Close Menu
Slideshow

Top 10 Spanish regions to watch

Often touted as one of the most dynamic wine producing countries in the world, the only constant with Spanish wine it seems, is change.

Spain’s wine map is ever evolving, with new DOs and Pagos frequently popping up as wine growing regions come to light that merit official recognition. Happy to fly the red and yellow flag, the UK wine trade is bubbling with enthusiasm for Spain’s diverse and intriguing array of wines. Unfortunately, while their praise is more than justified, many of Spain’s most avant-garde wines are too small scale – and too expensive – to receive significant exposure in the UK.

One native grape that has successfully crossed the Atlantic is the attractively aromatic Albariño, which is enjoying its moment in the sun in both the on and off-trade. Atlantic grapes like Mencía and Godello meanwhile, are gradually finding their way into the UK.

Tapping into a growing consumer thirst for authenticity and provenance, winemakers in Spain have been busy reviving little-known indigenous grapes such as Rufete, Prieto Picudo and Juan García, leading to characterful, terroir-driven wines with a distinctly Spanish stamp.

The current Spanish wine boom in the UK owes a lot to forward-thinking Spanish restaurants like Fino, Pizarro, Camino, Cambio de Tercio and Ibérica, which are taking risks with their wine lists and shining a light on Spain’s unsung regions. Read on for our round up of the ten most exciting emerging regions in Spain and the native grape varieties they are hanging their hats on.

Bierzo

A small and remote region near Galicia in the north-western corner of Castilla y León, Bierzo continues to hit the headlines in the UK due to the irresistible charm of native grape Mencía, found to be genetically identical to Jaen in northern Portugal. Part of the ongoing interest in Mencía is the spectrum of wine styles the grape is able to produce, from elegant, fruit forward wines with supple tannins, to more powerful, concentrated styles packed with earthiness, spice and minerality imparted by Bierzo’s quartz-rich soils.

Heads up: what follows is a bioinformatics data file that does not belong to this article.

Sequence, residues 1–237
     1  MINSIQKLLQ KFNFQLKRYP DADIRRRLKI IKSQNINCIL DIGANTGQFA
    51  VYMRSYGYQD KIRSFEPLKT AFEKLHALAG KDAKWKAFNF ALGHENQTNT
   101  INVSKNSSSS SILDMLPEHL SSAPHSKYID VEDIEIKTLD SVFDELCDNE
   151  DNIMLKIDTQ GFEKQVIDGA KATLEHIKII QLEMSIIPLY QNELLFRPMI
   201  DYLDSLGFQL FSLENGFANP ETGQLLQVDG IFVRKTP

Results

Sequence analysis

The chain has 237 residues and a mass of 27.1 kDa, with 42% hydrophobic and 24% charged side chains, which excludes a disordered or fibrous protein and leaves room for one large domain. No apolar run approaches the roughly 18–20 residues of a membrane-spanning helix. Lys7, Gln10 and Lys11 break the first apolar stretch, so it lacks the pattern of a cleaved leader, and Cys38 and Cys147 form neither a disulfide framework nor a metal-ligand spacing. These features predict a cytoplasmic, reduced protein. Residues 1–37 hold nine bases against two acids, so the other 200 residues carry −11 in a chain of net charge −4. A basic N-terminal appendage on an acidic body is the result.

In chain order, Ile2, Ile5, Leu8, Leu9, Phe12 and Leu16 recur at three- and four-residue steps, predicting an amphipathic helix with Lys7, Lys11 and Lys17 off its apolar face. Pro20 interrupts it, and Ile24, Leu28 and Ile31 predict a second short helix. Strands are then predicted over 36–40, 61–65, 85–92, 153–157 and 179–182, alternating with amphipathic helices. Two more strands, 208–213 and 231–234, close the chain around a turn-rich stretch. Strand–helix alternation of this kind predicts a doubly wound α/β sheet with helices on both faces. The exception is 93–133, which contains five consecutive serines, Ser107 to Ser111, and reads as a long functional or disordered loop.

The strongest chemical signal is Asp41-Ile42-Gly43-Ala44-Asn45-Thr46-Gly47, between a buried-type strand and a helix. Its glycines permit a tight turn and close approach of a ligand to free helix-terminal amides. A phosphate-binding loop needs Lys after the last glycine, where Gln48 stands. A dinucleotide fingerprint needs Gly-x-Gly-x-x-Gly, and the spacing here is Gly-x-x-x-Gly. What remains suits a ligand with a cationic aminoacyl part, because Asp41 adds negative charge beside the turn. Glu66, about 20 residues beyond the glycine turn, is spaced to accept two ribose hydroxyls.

“Bierzo is a region of tremendous potential with wines that are distinctively its own that has helped usher in the exciting modern era of Spanish wines,” believes The New York Times’ wine critic Eric Asimov, who describes Mencía as “always beguiling, with exotic aromas of wild red fruit.”

Just over 4,000ha are planted across the small valleys in mountainous Alto Bierzo and on the wide, flat plain of Bajo Bierzo. Raul Perez, Descendientes de José Palacios and Bodegas Pittacum have led the way with trailblazing Parker scores, while Martin Codax’s modestly priced Cuatro Pasos, imported by Liberty, is enjoying considerable commercial success.

The region shot to fame in the late ‘90s when Spanish wine pioneer Alvaro Palacios spotted Bierzo’s potential and snapped up plots of low-yielding old vines in the village of Corullón. Adding weight to Mencía’s fine wine credentials, Palacios recently released a single vineyard example – La Faraona 2011 – priced at £500 a bottle through Berry Bros & Rudd. Made from a 0.5-hectare plot of old vines on steep slopes, the wine serves as the ultimate expression of Mencía in Bierzo, with aromas running the gamut from forest fruit and cassis to laurel and black tea.

Valdeorras

Bordering Bierzo to the west is Valdeorras – the gateway to Galicia in the east of the region. Like Mencía in Bierzo, white grape Godello is sending ripples of excitement through the UK. Hailed as the “new Albariño” and boasting a similar stone fruit and citrus character, Godello offers notes of apple, peach, apricot and honey, but is creamier and more luscious than its northwesterly cousin in Rías Baixas.